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International Day of Women, Girls in Science marked

BY: Severious Kale-Dery
Dr Patricia Adu-Yeboah (left) addressing a session
Dr Patricia Adu-Yeboah (left) addressing a session

The United Nations (UN) has set aside February 11 as the International Day of Women and Girls in Science to raise awareness of the contribution of women and girls in the field of science and technology.

Implemented by the United Nations Educational, Scientific and Cultural Organisation (UNESCO) and the UN-Women, in coordination with civil society institutions, the day also seeks to promote the participation of women in science, technology, engineering and mathematics (STEM) disciplines.

Significance

This year’s global celebration, which is on the theme “Equity, Diversity, and Inclusion: Water Unites Us,” was held in New York. It focused on women and girls as agents of change, especially towards the fulfilment of the UN’s Sustainable Development Goals (SDG) of clean water and sanitation.

The day is significant as it aims to reduce the gender gap in STEM disciplines. As per the UN, only 33 per cent of researchers are women.

Female researchers are funded less compared to their male counterparts and are also underrepresented in high-profile journals.

Women account for 40 per cent of graduates in the field of computer science and informatics and 28 per cent of engineering graduates.

In cutting edge research areas such as artificial intelligence, only about one in five professionals (22 per cent) is a woman.

Women form a mere 12 per cent of the membership of national science academies, as per statistics by the United Nations.

In this year’s message on the occasion of International Day of Women and Girls in Science, UN Secretary-General António Guterres stated that structural and societal barriers prevented women and girls from progressing in STEM disciplines.

Olam

To mark the day, Olam Food Ingredients Ghana Limited (OFI), one of the private Licensed Buying Companies (LBCs) in Ghana’s cocoa sector and the leading exporter of cashew in the industry, commemorated the day with farmers in its supply chain at Obuoba Village in Nkawkaw in the Eastern Region.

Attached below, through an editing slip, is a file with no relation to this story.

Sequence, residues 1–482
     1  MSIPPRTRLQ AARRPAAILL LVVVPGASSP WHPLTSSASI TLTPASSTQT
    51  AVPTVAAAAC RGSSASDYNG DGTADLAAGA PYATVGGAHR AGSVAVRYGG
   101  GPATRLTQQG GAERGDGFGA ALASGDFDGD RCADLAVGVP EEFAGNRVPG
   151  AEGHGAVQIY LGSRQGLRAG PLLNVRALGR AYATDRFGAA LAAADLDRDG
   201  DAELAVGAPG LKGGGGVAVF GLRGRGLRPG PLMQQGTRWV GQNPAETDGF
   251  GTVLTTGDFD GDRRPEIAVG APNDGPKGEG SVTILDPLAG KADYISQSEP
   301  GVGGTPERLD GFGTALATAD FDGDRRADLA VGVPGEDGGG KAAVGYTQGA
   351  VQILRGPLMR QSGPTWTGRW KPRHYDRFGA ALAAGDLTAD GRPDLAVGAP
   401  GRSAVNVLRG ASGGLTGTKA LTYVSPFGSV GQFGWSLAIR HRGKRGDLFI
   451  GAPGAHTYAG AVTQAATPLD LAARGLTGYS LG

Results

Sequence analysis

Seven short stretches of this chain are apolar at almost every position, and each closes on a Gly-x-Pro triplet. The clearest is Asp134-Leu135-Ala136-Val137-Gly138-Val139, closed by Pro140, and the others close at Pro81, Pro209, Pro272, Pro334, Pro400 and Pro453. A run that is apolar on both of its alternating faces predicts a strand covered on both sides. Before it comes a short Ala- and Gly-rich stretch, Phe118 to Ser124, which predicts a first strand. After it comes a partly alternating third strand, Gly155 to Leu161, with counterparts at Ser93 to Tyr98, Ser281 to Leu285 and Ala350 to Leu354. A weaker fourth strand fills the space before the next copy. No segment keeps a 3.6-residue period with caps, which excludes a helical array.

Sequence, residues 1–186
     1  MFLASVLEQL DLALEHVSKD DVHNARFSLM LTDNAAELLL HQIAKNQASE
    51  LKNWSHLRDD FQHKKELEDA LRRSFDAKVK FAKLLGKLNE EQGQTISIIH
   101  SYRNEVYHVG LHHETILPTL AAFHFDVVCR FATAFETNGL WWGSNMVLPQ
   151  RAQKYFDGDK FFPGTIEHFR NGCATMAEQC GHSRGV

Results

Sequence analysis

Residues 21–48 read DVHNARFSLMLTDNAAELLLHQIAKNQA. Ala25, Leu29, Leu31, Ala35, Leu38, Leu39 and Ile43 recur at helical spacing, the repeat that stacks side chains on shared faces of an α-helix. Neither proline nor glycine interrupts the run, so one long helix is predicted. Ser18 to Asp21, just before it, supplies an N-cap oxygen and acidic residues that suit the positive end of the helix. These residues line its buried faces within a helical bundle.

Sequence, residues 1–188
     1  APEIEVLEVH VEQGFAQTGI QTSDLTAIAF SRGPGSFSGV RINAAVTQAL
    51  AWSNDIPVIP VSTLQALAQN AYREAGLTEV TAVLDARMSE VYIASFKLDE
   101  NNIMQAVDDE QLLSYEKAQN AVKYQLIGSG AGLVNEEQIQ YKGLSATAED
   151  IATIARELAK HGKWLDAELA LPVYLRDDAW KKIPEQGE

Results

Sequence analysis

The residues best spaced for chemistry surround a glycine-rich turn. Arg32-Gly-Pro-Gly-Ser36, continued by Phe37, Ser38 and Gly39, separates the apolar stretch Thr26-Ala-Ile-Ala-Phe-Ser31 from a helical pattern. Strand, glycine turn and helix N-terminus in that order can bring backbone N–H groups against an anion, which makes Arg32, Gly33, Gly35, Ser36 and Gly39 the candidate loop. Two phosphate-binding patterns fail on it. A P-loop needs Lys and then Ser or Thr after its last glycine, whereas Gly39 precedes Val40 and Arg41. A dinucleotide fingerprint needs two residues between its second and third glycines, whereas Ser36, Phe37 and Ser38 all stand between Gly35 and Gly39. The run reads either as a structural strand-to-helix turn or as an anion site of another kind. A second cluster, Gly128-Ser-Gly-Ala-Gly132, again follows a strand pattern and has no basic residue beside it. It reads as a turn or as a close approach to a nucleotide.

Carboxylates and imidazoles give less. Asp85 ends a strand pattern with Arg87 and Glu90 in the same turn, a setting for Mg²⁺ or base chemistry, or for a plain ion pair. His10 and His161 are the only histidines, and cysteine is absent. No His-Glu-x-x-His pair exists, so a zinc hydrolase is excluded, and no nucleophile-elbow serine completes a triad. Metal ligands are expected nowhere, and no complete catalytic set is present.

The programme, which was celebrated on the theme: “Equity, Diversity, and Inclusion: Women & Girls in Science as Agents of Change in Transforming the Cocoa & Cashew Industries”, brought together over 300 predominantly women farmers under the OFI sustainability programme to receive expert knowledge and technical advice from qualified women scientists from the Cocoa Research Institute of Ghana (CRIG) and the Seed Production Division (SPD) of COCOBOD.

The celebration was to recognise the role of women and girls in science as agents of change in the cocoa and cashew industries.

Cocoa beans

Speaking at the programme, the Executive Director of SPD, Mrs Faustine Asamany, said the quality attached to Ghana’s cocoa beans was as a result of the intensive scientific research invested in the area.

She indicated that there was a need to increase the participation of women and girls in science to serve as role models for farmers, lead in the fight against child labour and contribute significantly in the area of research.

The event was held in two sessions: the first involved farm visits to various societies, where farmers received education on the benefits of good agricultural practices for increased productivity.

The second session had an audience of more than 500 people made up of farmers, students pursuing courses in science who were also children of cocoa farmers, and the leadership and staff of OFI.

Improving production

An agronomist at CRIG, Dr Patricia Adu-Yeboah, talked about her experiences in providing cost-effective strategies to improve cocoa, coffee, cashew, and shea production.

A Research Scientist at CRIG, Dr Esther Gyedu-Akoto, encouraged farmers to support their children to pursue higher learning.

An Agric Economist at CRIG, Dr Evelyn Ahiale, encouraged young girls not to shy away from the science fields.

She also touched on equity and encouraged farmers to share available resources equally between their male and female children.

The programme provided a platform to engage farmers and showcase the benefit of education, especially for young girls. Forty students pursuing courses in the sciences at the secondary and tertiary levels participated in it, with some sharing their experiences with the team.

The Country Head of OFI, Mr Eric Asare Botwe, said: “This event is a great way to engage women and girls on the importance of education and hopefully spark an interest in science because we know that when we give them the right support, women and girls can become catalysts for more sustainable cocoa communities and healthier families.”

“That’s why, under our cocoa compass sustainability ambition, we are also actively promoting gender equality through initiatives such as the Village Savings and Loans Associations that help women take control of their finances and save for their children’s education,” he added.

The OFI used the opportunity to distribute souvenirs to participants to encourage them in their academic pursuits.